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31st Dec 2019

JOE’s top ten books of 2019

2019 has been a phenomenal year for literal works of every genre. Here's our picks for the very best books of the year. Everyone a page turner.

Nooruddean Choudry

2019 was a great year for collections of words in book form.

Whether fiction or non-fiction, colouring or just plain black and white, you can’t beat settling down with a good book. They say a picture is worth a thousand words – but you try submitting a nice self-portrait to make up your word count and see where it gets you. These are our favourite reads in the year of our Lord 2019 AD…

10. Sounds Like Titanic

By Jessica Chicceh Hindman. A witty, angry, surreal memoir about living a lie and miming notes in an imaginary orchestra. Feels very much like a book of our times of happy ignorance, youthful anxiety and imposter syndrome.

9. The Memory Police

By Yoko Ogawa. One of Japan’s finest writers serves up a riveting slice of dystopian suspense, which is far more pertinent and reflective of modern society than one would like. A troubling examination of state surveillance and control.

8. Surprisingly Down to Earth, and Very Funny

By Brian Limond. It isn’t a surprise that Limmy’s memoir is darkly funny and full of wry commentaries. What elevates it to a more profound level is its brutal honesty and recollections of addiction, periods of aimlessness and struggles with mental health.

7. Wild and Crazy Guys

By Nick de Semlyen. The fascinating and definitive account of how the likes of John Belushi, Dan Aykroyd, Bill Murray, Eddie Murphy, Chevy Chase, Steve Martin and John Candy contributed to the big bang of modern US comedy.

6. 52 Times Britain was a Bellend

By James Felton. Felton is renowned on Twitter for his cutting social commentary, but here he proves he’s just as witty and effective in longer form with an acerbic assessment of Britain’s role as chief arsehole of the world.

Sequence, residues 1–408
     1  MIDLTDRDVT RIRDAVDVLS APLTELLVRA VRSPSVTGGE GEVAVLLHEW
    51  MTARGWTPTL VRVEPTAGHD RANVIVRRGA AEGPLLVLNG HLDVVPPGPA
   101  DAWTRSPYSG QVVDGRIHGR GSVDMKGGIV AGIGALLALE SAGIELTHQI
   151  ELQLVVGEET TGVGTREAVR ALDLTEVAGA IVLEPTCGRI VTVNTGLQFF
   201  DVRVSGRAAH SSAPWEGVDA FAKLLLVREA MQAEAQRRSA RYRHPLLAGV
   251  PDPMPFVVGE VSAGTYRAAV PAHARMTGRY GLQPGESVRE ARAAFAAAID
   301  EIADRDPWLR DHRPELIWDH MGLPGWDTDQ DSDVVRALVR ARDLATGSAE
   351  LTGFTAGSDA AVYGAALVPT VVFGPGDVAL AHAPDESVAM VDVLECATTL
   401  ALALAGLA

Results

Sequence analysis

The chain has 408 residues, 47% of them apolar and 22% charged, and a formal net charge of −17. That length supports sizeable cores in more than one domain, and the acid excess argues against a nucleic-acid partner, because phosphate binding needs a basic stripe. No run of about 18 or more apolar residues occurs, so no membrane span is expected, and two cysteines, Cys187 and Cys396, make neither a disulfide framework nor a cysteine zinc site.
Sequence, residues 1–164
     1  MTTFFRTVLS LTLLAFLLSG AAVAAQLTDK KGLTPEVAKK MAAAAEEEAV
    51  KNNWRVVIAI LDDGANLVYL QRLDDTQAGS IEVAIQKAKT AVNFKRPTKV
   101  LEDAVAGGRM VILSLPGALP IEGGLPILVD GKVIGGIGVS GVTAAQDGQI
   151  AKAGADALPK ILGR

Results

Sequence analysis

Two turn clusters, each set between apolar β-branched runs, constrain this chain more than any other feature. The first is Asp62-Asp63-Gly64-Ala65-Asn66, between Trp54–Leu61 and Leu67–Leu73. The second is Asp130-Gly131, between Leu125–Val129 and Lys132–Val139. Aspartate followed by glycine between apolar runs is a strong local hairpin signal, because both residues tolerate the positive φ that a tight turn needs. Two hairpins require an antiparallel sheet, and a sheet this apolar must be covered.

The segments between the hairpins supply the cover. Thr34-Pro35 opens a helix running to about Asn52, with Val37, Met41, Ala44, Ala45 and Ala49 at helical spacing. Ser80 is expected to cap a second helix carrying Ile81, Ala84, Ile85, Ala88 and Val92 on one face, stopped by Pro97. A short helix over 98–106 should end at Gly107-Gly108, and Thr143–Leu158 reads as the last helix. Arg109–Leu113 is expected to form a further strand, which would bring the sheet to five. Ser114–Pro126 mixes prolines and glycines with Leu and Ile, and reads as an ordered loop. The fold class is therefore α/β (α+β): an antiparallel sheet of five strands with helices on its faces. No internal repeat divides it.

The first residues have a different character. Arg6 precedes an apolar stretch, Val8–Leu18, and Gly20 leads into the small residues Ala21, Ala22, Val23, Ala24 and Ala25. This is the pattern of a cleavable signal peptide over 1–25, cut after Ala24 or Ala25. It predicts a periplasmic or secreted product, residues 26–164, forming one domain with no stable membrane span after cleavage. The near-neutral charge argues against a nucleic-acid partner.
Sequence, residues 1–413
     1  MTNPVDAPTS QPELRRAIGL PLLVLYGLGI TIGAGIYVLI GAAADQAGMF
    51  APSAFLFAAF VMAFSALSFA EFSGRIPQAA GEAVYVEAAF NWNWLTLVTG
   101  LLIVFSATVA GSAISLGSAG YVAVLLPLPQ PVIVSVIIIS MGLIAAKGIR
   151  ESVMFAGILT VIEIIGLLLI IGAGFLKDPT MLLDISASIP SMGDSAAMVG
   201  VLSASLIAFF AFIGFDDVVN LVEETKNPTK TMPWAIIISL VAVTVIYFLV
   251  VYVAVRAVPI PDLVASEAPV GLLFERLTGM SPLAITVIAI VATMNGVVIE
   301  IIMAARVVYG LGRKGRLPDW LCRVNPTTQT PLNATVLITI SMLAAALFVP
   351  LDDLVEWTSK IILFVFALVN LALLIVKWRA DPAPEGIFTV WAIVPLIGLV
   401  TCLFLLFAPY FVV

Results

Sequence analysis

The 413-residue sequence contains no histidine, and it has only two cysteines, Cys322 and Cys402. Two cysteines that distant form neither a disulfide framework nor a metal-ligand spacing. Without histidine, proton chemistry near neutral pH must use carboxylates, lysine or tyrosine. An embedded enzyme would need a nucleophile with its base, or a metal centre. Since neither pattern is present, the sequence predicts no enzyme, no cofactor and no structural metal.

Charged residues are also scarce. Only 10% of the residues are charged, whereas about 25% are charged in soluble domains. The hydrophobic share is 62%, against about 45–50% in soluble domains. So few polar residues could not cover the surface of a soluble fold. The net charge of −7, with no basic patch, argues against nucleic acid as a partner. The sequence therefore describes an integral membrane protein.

5. Perfect Sound Whatever

By James Acaster. Nominally an impassioned (and pretty compelling case) for why 2016 was the greatest year for popular music ever. But more than that, a testament to the power of a passion – any passion – to see you through dark times.

4. Past Life

By Dominic Nolan. This stunning debut follows Detective Abigail Boone as she attempts to piece together the fragments of her life whilst suffering from retrograde amnesia. A tense and vital crime novel that announces Nolan as a thrilling new talent.

3. Catch and Kill

By Ronan Farrow. Pulitzer Prize-winning investigative reporter Ronan Farrow returns with this absorbing account of abuses of power, industrial scale coverups and sickening victim-shaming. Reads like a thriller but it’s all too real.

2. Say Nothing

By Patrick Radden Keefe. An incredibly deserving winner of the 2019 Orwell Prize for Political Writing, Keefe shines new light on the history of the Troubles, focusing on the most gut-wrenching case of Jean McConville’s abduction and murder.

1. The Topeka School

By Ben Lerner. A phenomenal work of fiction that shines a light on the troubling and poisonous world we currently find ourselves in. It reads like a prequel to the toxic masculinity that infects every aspect of modern political discourse.